The kind of impact that Coronavirus pandemic has had on the food and beverages industry in Tamil Nadu, can be gauged from the fact that at least 30,000 restaurants have shut shop in the state in the last two years, owing to curbs on dining out.
Now, amid the third wave, the restaurant industry has sent an SOS to the state government against any move to impose lockdown again and to spare them from the present 50 per cent dining restrictions.
Mr Gandharv Dhingra, a restauranteur in Chennai had to shut down five of his ten cafes amid the pandemic. His company “Roll Baby Roll” lost more than Rs 30 lakh, other than the income lost during the two total lockdowns and a series of curfews and curbs on dining, particularly over the weekends.
As a last ditch effort, he has now started a cloud kitchen to keep fires burning.
“We are not able to utilise the capacity because of the 50 per cent restrictions on dining. That’s the cost you save, plus you save on the manpower cost, as now you directly interact with customers,” Mr Dhingra told NDTV.
Ms Rekha Dandey, who launched Chennai’s first pet-themed restaurant “Twisty Tails” in 2018, lost Rs 60 lakhs after two lockdowns. Hit hard financially, she had to close down and revived it in 2021 only after giving up 30 per cent of her stake. Now the third wave is scaring her.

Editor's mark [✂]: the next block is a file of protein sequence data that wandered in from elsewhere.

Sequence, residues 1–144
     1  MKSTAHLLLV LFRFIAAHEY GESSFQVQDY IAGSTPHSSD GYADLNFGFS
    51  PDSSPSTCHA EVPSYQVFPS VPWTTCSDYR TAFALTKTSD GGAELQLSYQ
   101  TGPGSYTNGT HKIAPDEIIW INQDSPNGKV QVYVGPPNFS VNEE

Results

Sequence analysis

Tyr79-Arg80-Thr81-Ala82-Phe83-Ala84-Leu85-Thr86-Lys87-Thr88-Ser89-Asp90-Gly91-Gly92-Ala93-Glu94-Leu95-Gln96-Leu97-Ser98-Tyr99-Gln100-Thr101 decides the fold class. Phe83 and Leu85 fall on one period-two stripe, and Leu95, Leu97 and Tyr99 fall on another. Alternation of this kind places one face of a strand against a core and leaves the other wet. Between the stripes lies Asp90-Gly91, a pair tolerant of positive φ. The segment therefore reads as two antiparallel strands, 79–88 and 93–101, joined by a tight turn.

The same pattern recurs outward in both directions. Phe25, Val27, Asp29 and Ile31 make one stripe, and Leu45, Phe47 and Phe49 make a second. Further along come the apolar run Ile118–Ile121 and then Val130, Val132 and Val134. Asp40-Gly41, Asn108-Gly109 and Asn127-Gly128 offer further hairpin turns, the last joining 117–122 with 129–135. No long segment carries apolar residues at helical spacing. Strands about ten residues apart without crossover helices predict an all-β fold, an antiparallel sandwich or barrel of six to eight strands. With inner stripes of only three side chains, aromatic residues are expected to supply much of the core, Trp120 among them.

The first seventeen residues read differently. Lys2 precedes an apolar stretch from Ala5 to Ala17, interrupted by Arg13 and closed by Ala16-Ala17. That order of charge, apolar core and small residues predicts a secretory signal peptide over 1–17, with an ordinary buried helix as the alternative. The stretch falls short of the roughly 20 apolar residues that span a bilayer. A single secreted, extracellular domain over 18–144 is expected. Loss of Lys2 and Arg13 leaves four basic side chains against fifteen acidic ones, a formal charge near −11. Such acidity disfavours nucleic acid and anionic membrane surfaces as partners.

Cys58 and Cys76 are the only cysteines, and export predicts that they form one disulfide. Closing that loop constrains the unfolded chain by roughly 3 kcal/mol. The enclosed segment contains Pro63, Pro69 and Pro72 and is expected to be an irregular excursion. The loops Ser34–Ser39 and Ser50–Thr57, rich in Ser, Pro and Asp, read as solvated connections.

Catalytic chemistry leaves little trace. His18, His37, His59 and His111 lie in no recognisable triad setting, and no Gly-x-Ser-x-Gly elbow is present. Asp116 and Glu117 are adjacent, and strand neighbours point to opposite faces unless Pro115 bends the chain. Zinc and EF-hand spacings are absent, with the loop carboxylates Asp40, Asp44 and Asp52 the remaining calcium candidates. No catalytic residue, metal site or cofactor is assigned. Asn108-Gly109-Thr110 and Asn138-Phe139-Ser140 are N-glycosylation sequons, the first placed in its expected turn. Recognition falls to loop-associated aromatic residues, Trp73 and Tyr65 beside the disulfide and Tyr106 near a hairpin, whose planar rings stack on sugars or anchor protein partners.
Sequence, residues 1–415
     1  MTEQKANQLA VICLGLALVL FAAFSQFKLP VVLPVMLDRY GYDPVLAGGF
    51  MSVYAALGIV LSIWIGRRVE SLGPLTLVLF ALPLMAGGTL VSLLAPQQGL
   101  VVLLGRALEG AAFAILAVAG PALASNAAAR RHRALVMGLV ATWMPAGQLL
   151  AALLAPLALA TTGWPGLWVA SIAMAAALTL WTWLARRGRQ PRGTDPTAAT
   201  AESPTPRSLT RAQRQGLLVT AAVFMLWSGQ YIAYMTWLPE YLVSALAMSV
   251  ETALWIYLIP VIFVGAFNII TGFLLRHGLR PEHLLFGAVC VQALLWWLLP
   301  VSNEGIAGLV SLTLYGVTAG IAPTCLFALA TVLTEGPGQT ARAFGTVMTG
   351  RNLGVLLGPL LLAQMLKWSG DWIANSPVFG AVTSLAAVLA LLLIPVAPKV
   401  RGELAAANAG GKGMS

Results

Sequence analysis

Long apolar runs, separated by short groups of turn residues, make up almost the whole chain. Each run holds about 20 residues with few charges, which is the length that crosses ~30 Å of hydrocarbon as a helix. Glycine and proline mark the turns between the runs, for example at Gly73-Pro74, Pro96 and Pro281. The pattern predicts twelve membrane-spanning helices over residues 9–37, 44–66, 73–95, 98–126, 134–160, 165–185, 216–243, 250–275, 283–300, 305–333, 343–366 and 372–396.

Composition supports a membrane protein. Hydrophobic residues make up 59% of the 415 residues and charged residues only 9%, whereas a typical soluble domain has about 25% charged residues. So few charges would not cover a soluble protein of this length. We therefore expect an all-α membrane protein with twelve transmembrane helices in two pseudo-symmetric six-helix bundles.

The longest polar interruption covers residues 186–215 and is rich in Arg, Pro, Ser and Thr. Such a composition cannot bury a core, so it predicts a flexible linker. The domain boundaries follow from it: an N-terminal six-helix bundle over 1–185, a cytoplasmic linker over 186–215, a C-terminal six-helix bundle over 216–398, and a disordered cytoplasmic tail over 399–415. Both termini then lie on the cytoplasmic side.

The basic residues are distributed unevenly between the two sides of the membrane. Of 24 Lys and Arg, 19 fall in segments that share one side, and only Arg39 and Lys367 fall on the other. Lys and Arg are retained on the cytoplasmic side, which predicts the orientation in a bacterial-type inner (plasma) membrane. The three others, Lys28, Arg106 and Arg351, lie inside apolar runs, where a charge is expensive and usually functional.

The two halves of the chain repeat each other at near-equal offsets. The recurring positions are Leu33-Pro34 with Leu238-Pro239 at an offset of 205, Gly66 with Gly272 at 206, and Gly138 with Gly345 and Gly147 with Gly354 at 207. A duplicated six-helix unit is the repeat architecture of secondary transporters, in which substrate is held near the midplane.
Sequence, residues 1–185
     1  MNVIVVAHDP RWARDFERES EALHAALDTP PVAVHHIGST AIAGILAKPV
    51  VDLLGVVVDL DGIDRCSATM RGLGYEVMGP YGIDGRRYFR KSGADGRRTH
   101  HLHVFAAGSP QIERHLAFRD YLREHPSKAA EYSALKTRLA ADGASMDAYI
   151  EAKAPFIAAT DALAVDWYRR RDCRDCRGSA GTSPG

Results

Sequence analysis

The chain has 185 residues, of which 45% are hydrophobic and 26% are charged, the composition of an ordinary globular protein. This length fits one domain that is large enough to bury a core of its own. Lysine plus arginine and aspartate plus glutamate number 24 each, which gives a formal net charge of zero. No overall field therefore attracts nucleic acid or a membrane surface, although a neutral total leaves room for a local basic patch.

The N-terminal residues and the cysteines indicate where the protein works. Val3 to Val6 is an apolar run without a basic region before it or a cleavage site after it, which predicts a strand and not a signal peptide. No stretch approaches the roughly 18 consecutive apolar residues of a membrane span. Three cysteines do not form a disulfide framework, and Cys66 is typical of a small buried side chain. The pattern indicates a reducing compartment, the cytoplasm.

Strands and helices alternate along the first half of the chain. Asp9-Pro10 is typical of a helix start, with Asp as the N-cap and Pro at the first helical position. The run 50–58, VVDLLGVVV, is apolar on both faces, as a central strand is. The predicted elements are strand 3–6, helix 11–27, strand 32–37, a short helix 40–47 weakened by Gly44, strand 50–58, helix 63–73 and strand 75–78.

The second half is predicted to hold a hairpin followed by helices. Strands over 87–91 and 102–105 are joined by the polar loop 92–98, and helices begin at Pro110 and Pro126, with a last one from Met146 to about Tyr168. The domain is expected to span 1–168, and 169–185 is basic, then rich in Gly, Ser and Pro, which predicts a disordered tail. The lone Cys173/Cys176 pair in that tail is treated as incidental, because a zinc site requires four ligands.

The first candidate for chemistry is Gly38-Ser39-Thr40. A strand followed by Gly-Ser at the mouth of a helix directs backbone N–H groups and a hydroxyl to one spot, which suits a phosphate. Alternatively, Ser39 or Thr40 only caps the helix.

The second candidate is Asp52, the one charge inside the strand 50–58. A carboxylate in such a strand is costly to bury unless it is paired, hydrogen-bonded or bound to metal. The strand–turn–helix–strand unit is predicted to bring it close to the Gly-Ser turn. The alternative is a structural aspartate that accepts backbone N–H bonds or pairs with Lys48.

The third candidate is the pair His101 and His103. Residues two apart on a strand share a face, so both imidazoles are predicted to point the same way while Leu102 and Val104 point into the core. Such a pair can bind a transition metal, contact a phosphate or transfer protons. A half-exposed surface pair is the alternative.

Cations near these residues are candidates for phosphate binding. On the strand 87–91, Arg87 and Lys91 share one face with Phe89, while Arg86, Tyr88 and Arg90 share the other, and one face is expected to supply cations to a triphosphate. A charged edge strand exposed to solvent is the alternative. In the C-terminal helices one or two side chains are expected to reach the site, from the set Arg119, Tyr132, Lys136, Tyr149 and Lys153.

Explaining the difficulty, she said, “we had plans to open six franchises in different cities. We had to hold back and stop that completely. Till now there are no plans to start that again.”
While food delivery aggregators like Swiggy and Zomato see a new high in business, restaurant owners say these players have also eaten into their margins.
Mr Shriram Rajendran, director, Cassandra Foods, explained, “We get lesser profit compared to customers dining at restaurants, because aggregators take a huge commission.”
When asked how much is the commission component, he added, “anywhere between 25 per cent to 30 per cent.”
At least 30,000 restaurants have closed across Tamil Nadu through the pandemic since 2020, according to the industry. Consequently 50,000 people lost jobs. Though the industry was crippled by revenue loss, restaurant owners had to keep paying property rentals, salaries and debts despite loss of business. Now the industry has sent an SOS to the government asking not to impose lockdown and to be mindful of their condition.
Talking about the industry’s fears, Mr Japtej Ahluwalia, Chennai president of National Restaurant Association of India (NRAI), said, “the worry is with the third wave coming in and stricter restrictions leading to losses ballooning up. Since fresh capital is unavailable, it will create a huge crisis.”
The last two lockdowns have been a double whammy for restaurants across India. While it’s a tightrope walk for the government amid rising cases in the third wave, the restaurant industry feels the government ought to address their concerns with empathy before it’s too late.